Don’t Forget to Breathe

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When working with finances, we sometimes find ourselves tensing up, filled with anxiety and unsure about how to continue. That reaction isn’t just limited to financial situations, of course. The other day I recalled when I started to learn to climb and my then-instructor (now-husband) yelled down to me “Don’t forget to breathe!” when I was stuck, unable to figure out my next move. The instruction was just what I needed in order to step back (not literally) and look at my situation with a clear head. I hadn’t realized I was holding my breath, thereby depriving my brain of oxygen and speeding my heart rate up, which was not a good thing considering I had almost a rope length to climb yet.

Even small financial problems can sometimes feel like impossibly high walls to climb up. It can help to take a moment to step back from a financial situation, letting ourselves breath, and giving ourselves the space to look at it if all angles. Ask yourself: what is the best fit for the solution? Is there something you may have missed that you didn’t see the first time? Oftentimes we don’t need someone else to answer our financial questions; we just need someone to remind us to breathe so that we can recognize the solution right in front of us.

Breathing slowly and with control can apparently benefit more than your financial health! The Wall Street Journal article Breathing for your Better Health has excellent information on the benefits of controlled breathing to your mental and physical health (and a bit of the science behind it). If you don’t think you can change your breathing patterns on your own, Spire is a device you can clip on to your pants (or anywhere close to your body) which tracks your breathing patterns in order to tell you when you are too tense or anxious. Any way you go about, taking time to breathe can’t hurt.

Those looking at our economic outlook seem to be breathing easier as well. The most recent Global Economic Outlook panel was held at the World Economic Forum on January 24th. David Ashworth of Market Realist headlined his report on the panel discussion with: Could 2015 be a ray of hope for the world economy? He detailed the panel speakers’ reasons for their positive outlook: the upside of the European Central Bank stimulus, falling oil prices, structural changes in Brazil, China and Japan, and robust growth in the United States.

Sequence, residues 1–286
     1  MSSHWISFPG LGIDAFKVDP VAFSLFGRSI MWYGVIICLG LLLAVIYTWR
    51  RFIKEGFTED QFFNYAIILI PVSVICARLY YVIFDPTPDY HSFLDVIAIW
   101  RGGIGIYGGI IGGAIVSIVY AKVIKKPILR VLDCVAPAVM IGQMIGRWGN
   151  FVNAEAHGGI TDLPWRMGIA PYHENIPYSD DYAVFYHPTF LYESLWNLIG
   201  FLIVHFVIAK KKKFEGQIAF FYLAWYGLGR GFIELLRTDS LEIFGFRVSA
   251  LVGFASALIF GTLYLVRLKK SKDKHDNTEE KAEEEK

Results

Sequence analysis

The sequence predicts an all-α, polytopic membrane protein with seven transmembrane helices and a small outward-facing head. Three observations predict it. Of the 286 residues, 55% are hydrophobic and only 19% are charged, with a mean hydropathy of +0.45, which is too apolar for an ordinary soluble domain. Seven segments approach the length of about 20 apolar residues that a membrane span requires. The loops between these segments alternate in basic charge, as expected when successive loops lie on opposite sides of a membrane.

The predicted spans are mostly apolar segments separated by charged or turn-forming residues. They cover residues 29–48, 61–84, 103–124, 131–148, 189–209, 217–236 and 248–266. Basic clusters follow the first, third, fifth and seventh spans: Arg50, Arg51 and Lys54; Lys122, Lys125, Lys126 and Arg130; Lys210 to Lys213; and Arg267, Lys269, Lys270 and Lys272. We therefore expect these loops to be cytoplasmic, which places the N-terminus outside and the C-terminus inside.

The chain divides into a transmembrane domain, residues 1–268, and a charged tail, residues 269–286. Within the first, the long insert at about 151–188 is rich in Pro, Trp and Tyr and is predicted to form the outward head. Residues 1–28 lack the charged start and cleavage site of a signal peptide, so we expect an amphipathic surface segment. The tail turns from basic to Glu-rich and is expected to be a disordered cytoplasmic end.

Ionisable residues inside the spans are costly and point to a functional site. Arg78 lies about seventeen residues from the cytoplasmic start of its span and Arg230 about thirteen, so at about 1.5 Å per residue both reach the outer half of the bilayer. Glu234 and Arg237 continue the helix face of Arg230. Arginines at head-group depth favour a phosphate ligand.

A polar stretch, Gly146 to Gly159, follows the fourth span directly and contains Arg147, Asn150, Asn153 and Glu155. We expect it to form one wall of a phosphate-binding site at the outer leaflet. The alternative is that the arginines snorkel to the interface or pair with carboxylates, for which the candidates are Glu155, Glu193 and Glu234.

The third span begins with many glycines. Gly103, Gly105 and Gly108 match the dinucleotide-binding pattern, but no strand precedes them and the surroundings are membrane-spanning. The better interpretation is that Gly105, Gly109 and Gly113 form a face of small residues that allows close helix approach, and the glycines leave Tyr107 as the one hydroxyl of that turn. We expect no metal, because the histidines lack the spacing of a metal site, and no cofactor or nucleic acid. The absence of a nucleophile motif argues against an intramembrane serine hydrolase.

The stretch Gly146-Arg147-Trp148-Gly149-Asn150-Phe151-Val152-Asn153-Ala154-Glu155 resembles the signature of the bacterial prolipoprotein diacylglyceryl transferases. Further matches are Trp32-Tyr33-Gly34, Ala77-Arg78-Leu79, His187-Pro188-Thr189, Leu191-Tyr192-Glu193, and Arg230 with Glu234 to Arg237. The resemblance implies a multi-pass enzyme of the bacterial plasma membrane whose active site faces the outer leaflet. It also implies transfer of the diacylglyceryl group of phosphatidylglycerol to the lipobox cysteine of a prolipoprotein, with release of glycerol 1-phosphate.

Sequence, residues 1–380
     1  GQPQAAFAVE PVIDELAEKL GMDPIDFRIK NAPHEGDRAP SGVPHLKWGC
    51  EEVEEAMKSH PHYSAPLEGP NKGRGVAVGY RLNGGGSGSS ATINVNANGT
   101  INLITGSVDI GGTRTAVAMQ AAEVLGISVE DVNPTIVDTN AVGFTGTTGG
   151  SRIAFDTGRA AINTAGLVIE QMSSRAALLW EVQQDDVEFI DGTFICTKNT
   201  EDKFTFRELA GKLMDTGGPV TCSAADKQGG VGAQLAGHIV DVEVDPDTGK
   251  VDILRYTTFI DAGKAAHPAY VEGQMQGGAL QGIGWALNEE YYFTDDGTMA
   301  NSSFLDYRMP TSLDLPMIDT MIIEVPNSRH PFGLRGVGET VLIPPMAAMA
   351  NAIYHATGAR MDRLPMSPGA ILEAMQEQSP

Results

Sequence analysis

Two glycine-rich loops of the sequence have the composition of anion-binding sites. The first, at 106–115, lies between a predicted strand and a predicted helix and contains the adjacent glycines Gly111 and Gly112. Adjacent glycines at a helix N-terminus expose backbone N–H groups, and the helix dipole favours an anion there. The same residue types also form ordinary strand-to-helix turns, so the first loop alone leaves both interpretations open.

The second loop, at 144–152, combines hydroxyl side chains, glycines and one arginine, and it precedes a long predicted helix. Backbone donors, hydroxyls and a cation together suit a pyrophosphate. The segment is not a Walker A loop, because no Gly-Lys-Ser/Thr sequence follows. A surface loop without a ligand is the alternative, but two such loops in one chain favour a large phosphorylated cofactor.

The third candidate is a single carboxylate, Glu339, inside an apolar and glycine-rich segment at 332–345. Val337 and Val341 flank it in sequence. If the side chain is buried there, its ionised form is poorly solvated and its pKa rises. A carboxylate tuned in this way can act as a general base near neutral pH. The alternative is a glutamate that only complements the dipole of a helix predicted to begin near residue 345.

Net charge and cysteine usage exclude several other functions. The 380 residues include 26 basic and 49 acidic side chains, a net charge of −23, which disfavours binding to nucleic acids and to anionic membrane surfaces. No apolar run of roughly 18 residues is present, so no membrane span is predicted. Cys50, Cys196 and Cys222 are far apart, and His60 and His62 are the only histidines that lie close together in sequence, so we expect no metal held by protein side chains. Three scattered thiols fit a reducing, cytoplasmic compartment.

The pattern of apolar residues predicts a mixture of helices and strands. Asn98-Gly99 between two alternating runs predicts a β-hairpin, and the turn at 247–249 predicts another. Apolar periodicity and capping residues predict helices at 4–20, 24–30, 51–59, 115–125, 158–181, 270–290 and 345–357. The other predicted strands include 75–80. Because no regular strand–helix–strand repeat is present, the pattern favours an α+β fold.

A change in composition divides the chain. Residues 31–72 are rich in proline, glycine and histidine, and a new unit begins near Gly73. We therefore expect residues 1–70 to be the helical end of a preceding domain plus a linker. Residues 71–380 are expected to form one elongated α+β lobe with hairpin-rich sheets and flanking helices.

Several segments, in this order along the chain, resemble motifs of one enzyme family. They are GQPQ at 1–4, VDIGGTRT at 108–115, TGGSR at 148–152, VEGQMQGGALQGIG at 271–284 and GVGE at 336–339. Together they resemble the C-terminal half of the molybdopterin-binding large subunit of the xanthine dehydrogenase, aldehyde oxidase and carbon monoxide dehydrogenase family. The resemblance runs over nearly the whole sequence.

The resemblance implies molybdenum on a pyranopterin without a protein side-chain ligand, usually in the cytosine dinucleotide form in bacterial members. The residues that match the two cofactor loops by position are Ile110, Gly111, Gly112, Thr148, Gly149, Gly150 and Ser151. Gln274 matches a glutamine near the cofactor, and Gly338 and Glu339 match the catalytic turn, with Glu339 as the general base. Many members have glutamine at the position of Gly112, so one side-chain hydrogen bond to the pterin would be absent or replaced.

For the last several months we have been watching the Eurozone and the energy sector. Richard Bernstein, CEO and Chief Investment Officer of Bernstein Investments, shared with his audience that many observers may be overlooking related issues that he thinks are worth considering, including cash flow and dividend payments. Bernstein also reminded his audience that risk cannot be completely planned for – by definition it is unexpected.

We do plan our trips though. And if you have recently planned a trip to Canada (or have just followed the exchange rates) you would be aware that the Loonie is about 80 cents to the US Dollar. This means that any retailer / small business owner in Canada needs more cash to purchase US goods. The strong US dollar is of concern in other international countries as well. Having a strong currency will make our country less competitive in goods and services but it may help out the mid-size and smaller countries that do not usually export their finished product. Frank Holmes of US Global Investors went into more detail on this subject in his recent blog post. In the end, businesses are like families, in that we need to prepare for the unexpected, watch our cash flow and review the plan to determine if we have overlooked any items.

The New Year started with a second monthly decline for the market and ended January on a sour note. The blue-chip barometer (the DowTR)* showed a 3.46 percent loss. The S&P 500 Index (SPXTR)* recorded a negative 3.0 percent for January. Lastly the tech-rich Nasdaq Composite (COMPTR)* fared the best but still back-peddled -1.93 percent.?Home price gains are slowing down nationwide. The S&P Case-Shiller 20-city composite?Home Price Index reported 4.3% for the month of November on a year-over-year basis; again down from the prior month?s 4.5% adjusted increase. Monthly data for the month of November over the month of October showed a slight downturn of 0.1%.

Best Regards,

The Team at White Raven Financial

*Indexes are unmanaged and do not reflect service fees, commissions, or taxes. You cannot invest directly in an index. Past performance is not necessarily indicative of future results. Returns for the DOW and the S&P500 are total returns from Pershing Netx360. Return for the NASDAQ is the NAV total return provided by Morning Star as of 2015January31